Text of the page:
Cardinal Castrillon Hoyos remains head of Ecclesia Dei
Oct. 31 (CWNews.com) - Cardinal Dario Castrillon Hoyos (bio - news), who has resigned as prefect of the Congregation for Clergy, will remain president of the pontifical Ecclesia Dei commission, the Vatican has confirmed.
Cardinal Castrillon Hoyos, who at the age of 77 is two years beyond the ordinary canonical retirement age, will be replaced at the Congregation for Clergy by Brazilian Cardinal Claudio Hummes, the Vatican announced on October 31. But the Colombian cardinal will remain at the helm of the Ecclesia Dei commission, which is responsible for Vatican outreach to traditionalist Catholics.
Father Ciro Benedettini, the deputy director of the Vatican press office, assured reporters that Cardinal Castrillon Hoyos will continue to head the Ecclesia Dei commission for the immediate future. The presidency of that commission is not linked to the leadership of the Congregation for Clergy, and in light of the intense discussions currently taking place about efforts to revive the traditional Latin Mass, Pope Benedict has ample reason to want continuity in the post. Pope John Paul II (bio - news) named Cardinal Castrillon Hoyos to head the Ecclesia Dei commission in April 2000, and gave him the sensitive assignment of negotiating with the traditionalist Society of St. Pius X (SSPX), seeking to end the split that began in 1988 when the late Archbishop Marcel Lefebvre was excommunicated for ordaining bishops to the SSPX leadership without Vatican approval.
Formed in the wake of the Lefebvrite schism and excommunications, the primary duty of the Eccelsia Dei commission is to heal the wounds inflicted by that schism, by working to bring separated traditionalist Catholics back into the Church. It is also charged with collaboration local bishops to satisfy the desires for the traditional Latin Mass in keeping with the 1962 rite. Finally, it oversees and regulates those clerical groups and associations associated with the Tridentine rite, such as the Priestly Fraternity of St. Peter, the Canons Regular of the New Jerusalem, and other traditionalist groups.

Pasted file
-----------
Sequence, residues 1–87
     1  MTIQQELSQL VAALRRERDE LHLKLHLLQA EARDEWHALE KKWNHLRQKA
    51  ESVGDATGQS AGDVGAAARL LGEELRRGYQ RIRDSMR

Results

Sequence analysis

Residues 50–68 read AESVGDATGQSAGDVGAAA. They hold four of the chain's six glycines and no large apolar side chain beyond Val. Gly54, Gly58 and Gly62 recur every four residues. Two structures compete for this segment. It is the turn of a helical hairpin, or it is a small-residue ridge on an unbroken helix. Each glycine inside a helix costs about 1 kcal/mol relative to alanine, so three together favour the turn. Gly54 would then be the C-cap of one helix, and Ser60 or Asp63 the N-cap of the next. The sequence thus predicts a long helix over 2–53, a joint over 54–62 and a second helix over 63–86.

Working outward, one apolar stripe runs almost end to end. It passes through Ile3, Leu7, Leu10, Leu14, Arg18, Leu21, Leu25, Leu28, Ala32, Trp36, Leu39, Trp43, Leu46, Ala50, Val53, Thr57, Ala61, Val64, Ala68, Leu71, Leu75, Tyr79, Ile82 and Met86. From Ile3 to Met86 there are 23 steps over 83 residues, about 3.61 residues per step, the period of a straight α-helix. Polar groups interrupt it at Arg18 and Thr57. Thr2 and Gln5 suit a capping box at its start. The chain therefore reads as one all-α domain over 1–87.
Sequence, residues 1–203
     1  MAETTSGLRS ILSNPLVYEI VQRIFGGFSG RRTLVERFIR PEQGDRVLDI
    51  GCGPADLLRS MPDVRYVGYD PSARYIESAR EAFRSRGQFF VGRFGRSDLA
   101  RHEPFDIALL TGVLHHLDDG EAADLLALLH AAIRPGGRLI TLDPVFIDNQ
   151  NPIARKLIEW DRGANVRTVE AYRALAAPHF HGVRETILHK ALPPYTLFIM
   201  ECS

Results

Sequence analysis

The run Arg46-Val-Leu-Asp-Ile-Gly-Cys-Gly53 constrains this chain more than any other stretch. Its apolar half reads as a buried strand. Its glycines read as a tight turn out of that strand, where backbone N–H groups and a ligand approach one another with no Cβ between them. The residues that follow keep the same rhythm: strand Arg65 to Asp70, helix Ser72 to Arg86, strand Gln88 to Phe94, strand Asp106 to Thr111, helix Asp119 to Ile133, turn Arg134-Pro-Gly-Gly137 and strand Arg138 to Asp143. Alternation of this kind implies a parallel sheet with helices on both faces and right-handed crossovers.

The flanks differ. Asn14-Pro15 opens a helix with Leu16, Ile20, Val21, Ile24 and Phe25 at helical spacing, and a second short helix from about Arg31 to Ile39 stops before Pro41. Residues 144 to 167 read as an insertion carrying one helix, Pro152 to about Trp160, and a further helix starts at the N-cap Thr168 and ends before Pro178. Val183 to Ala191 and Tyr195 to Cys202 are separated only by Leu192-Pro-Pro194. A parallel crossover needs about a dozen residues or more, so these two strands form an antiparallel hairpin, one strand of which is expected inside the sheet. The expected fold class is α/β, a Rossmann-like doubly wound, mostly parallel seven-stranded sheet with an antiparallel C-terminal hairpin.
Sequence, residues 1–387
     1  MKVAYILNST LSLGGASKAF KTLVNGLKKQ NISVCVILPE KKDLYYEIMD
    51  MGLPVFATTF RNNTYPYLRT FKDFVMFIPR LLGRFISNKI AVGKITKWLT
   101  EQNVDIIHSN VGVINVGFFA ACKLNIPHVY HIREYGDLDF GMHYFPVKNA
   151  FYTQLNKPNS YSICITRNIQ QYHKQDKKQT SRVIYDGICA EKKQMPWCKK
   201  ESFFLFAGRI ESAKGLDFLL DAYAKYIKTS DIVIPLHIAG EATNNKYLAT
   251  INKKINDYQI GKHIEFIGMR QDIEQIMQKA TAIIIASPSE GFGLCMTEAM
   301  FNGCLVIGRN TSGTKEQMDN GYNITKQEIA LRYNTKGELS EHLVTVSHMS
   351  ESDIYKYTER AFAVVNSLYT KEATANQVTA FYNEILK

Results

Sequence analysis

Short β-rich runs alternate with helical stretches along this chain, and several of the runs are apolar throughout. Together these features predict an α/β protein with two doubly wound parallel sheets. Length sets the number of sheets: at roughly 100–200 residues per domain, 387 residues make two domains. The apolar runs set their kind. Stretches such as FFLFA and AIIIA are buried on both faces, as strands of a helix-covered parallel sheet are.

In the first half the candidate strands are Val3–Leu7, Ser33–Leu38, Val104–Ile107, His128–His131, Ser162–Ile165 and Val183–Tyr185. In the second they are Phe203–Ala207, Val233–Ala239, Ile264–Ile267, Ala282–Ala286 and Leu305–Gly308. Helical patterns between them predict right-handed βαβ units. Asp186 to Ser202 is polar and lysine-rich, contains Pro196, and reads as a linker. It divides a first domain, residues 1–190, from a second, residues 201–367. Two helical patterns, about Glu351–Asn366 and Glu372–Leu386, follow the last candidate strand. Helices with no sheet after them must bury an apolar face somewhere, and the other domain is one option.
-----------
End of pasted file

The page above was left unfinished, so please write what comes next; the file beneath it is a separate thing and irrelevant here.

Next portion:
While talks with the SSPX itself have not yet borne fruit, in January 2002 the Vatican reached an agreement that allowed for the reconciliation of another breakaway traditionalist group in Campos, Brazil. And in September of this year a new agreement led to the establishment in France of the Institute of the Good Shepherd, composed of traditionalist priests and seminarians who have left the SSPX. The latter move has roused loud protests within the French hierarchy, which fears the Vatican is going too far to accommodate the traditionalist clerics.
Widespread reports that Pope Benedict XVI (bio - news) will soon release a motu proprio allowing wider use of the traditional Latin Mass have heightened the controversy in France, and placed the focus of attention squarely on the Ecclesia Dei commission. Because of his involvement in talks with traditionalists over the past 5 years, Cardinal Castrillon Hoyos looms as an important player in any effort to achieve reconciliation with the SSPX and any new gesture toward traditionalists. The Colombian prelate-- who has said that SSPX members should be welcomed back "with open arms" when they seek reconciliation-- made an important individual move in May 2003, when he celebrated Mass in the basilica of St. Mary Major using the Tridentine rite, thus becoming the first Vatican prelate to celebrate the traditional Mass in a Roman basilica in decades.